Background: Diabetes mellitus (DM) is a well-recognized risk factor for stroke. Stroke in diabetic patients is different from stroke in non-diabetics from several perspectives. This study was carried out with the aim to identify and compare distinctive patterns between diabetic and non-diabetic stroke cases. Methods: It is a hospital based cross-sectional study, carried out at PESIMSR Hospital, Kuppam, Andhra Pradesh, in which 80 consecutive patients with stroke (40 patients with and 40 without DM) were studied. Clinical features, risk factors, stroke patterns and outcome were studied. Results: The mean age (years) in stroke patients 57.5 ± 12.7 and 61.3 ± 12.9 (p=NS) stroke in patients with and without DM respectively. Males outnumbered females in both the groups (p=NS). Stroke patients with DM known to have hypertension were 75% and that of non-DM group was 42.5%. Diabetic stroke patients with history of coronary artery disease formed 32.5% and that of non-diabetic group was 27.5%. The mean high density lipoprotein (HDL) cholesterol (mg/dL) was lower in the diabetic group (38.8 ± 12.6) compared to that in the non-diabetic group (50.1 ± 6.9). The mean triglycerides (TG) (mg/dL) was significantly higher in the diabetic (216.9 ± 67.6) than in the non- diabetic group (150.05 ± 60.58). Both diabetic and non-diabetic patients had greater incidence of ischemic stroke (about 75%) than hemorrhagic stroke. In the present study, 37.5% of stroke patients with diabetes had a poor outcome compared to 22.5% of stroke patients without diabetes. Conclusions: DM is an independent risk factor for stroke. Stroke in patients with DM differs from that of stroke in persons without DM with respect to age, gender, stroke severity, prevalence of risk factors and outcome. Hypertension, HDL level and TG were significantly associated with DM. Diabetics stroke patients were having significantly higher levels of mean TG level, lower mean HDL level.
  210 49 -
Medical Council of India's amended qualifications for Indian medical teachers: Well intended, yet half-hearted
Sunita V S Bandewar, Amita Aggarwal, Rajeev Kumar, Rakesh Aggarwal, Peush Sahni, Sanjay A Pai
October-December 2018, 7(4):155-158
  182 55 -
Vitamin D deficiency in India: Fortify or let the sun shine in?
PM Srinivasa, CV Harinarayan
July-September 2015, 4(3):220-226
Vitamin D plays a pivotal role in calcium and mineral metabolism. It is astonishing to find vitamin D deficiency in India despite plentiful sunlight. This could probably because of urbanization, life style and dress code changes, and revision of vitamin D adequacy range. Recent studies in south India using in vitro ampoule model with 7- dehydrocholesterol have shown adequate formation of active form of vitamin D in mid-day sun. In India 70% of populations reside in rural areas. Only 35% of Indian populations have access to regulated milk supply. We as humans can get vitamin D from abundant sunshine, by exposing 18% of body surface area (without sunscreen) to mid-day sun for 30-45 min to cause 1 minimal erythemal dose (MED) which is equivalent to taking about 600 to 1000 IU of vitamin D. This is about the recommended daily dose by expert group on human nutrient requirements and the dose used in studies with fortified milk supplementation studies. Vitamin D synthesized in the skin lasts two-times longer in the body. In populations where there is limited exposure to sunlight, like dress-code limiting sun-exposure, usage of sunscreen with (SPF) greater than 8 etc., vitamin D supplementation may also be required. Since there is widespread calcium deficiency in Indian population, calcium supplementation should be an integral part of vitamin D supplementation therapy.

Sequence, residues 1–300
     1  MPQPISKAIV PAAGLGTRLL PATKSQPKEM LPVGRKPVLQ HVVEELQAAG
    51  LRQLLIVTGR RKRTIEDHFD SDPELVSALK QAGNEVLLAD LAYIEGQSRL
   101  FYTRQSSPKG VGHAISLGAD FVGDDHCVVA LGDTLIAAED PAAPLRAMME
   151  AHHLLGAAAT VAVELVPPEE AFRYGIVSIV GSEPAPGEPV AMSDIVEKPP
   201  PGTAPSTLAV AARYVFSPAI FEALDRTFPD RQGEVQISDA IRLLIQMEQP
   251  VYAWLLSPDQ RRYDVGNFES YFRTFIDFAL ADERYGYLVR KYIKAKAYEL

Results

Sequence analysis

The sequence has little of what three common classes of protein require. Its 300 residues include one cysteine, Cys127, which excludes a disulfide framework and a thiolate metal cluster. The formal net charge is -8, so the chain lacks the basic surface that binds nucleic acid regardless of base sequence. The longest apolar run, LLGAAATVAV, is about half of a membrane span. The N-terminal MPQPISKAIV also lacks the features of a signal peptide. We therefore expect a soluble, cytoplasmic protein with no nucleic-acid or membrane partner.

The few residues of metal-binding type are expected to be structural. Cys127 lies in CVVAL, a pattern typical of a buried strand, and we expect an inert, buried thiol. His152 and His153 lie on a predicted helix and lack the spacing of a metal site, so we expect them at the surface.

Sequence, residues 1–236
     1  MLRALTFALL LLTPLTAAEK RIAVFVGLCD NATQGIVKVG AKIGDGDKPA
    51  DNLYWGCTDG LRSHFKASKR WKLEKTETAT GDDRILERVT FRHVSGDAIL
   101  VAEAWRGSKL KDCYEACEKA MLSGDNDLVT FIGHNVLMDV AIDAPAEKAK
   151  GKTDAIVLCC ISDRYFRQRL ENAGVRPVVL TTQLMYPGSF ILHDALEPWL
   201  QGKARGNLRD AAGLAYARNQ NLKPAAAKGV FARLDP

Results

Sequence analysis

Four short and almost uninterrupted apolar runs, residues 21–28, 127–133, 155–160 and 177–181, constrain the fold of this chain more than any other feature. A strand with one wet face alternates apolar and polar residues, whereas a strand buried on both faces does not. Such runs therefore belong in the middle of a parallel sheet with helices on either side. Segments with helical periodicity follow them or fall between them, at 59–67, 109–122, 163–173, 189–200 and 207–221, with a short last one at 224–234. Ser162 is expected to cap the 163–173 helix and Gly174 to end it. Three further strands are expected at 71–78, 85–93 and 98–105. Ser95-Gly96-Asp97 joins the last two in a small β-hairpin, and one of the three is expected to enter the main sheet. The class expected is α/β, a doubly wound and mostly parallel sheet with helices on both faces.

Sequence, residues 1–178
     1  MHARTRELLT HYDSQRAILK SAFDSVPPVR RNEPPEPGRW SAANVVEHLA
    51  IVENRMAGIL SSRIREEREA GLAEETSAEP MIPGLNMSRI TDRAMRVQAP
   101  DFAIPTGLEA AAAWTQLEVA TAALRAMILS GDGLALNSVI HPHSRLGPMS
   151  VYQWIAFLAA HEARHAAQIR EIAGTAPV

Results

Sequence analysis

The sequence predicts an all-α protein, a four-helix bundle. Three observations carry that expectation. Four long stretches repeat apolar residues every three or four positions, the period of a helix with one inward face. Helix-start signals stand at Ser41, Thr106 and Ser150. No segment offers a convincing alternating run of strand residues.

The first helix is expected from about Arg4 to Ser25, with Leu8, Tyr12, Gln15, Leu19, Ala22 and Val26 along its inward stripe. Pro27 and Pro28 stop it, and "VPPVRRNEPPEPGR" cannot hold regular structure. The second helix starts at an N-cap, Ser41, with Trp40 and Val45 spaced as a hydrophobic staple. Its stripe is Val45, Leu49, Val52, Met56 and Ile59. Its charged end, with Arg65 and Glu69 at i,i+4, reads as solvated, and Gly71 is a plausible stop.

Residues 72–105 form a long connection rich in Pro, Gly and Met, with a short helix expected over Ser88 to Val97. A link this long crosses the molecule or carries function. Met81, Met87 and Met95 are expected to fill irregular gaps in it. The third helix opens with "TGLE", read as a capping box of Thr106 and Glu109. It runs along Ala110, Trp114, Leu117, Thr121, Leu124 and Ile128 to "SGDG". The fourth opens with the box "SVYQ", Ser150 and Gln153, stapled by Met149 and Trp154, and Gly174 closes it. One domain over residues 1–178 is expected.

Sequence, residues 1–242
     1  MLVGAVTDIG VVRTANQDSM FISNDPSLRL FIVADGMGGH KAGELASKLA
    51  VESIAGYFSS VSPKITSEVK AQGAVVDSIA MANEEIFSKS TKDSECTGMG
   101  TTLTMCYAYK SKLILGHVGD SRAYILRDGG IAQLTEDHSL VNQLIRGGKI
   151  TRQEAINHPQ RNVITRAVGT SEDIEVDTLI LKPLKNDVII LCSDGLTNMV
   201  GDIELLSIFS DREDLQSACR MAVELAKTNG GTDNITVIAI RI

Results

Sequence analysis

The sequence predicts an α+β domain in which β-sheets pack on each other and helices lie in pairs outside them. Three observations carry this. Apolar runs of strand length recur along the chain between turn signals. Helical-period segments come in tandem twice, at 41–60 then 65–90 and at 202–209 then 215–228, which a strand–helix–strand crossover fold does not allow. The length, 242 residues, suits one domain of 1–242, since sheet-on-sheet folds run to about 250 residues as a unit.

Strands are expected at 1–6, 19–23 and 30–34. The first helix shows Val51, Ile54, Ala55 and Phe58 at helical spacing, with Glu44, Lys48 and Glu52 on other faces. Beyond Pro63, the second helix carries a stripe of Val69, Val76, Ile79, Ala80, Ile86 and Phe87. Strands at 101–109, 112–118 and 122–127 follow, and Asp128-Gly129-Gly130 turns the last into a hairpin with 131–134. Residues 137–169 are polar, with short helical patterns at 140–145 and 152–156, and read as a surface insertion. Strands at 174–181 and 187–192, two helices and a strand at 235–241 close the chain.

[ABSTRACT]   Full text not available  [PDF] [CITATIONS]
  201 34 5
Pseudopseudohypoparathyroidism: an unusual case
Srinivasa P Munigoti
July-September 2018, 7(3):141-144
We report unusual case of a 22-year-old male patient who presented with phenotypic features of Albright's hereditary osteodystrophy, but had associated multiple hormonal deficiencies suggestive of pseudo-pseudohypararthyroidism.
  214 20 -
Effect of sevoflurane with morphine or fentanyl on haemodynamic response to laryngoscopy and tracheal intubation: a prospective, randomised, double-blind study
S. R A. N Bhushanam Padala, Muralidhar Anakapalli, Hanumantha Rao Mangu, Madhusudan Mukkara, Aloka Samantaray
April-June 2018, 7(2):58-63
Background: Multimodal therapy can be used for obtundation of the haemodynamic response to laryngoscopy and tracheal intubation. The current study was undertaken to compare the haemodynamic response to laryngoscopy and tracheal intubation after administration of 0.2 mg/kg morphine or 2 μg/kg fentanyl with 2% end tidal sevoflurane during induction of anaesthesia. Methods: Sixty patients were randomised into two equal groups to receive either 2% end tidal sevoflurane + fentanyl 2 μg/kg (Group SF) or 2% end tidal sevoflurane + morphine 0.2 mg/kg (Group SM). General anaesthesia technique was standardised for both the groups. Haemodynamic parameters heart rate (HR), systolic blood pressure (SBP), diastolic blood pressure (DBP) and mean arterial pressure (MAP) were recorded for 15 min. Results: The maximum increase in HR compared to baseline was statistically significant in Group SM (16.5%, P = 0.0002) which occurred at one min after tracheal intubation. The maximum increases in SBP, DBP and MAP compared to baseline occurred at one min after tracheal intubation in both the groups, Group SF (7.04%, 6.5% and 7.9% respectively) and Group SM (6.2%, 8.2% and 8.1% respectively) which was not statistically significant. The attenuation of haemodynamic response between the two groups was not statistically significant (for HR P = 0.1428, for SBP P = 0.8558, for DBP P = 0.1958 and for MAP P = 0.5303). Conclusions: With 2% end tidal sevoflurane during induction of anaesthesia, both 0.2 mg/kg morphine and 2 μg/kg fentanyl were equally effective in attenuating haemodynamic response to laryngoscopy and tracheal intubation. However morphine appeared to be less effective in attenuating the chronotropic response resulting in a greater increase in heart rate from baseline.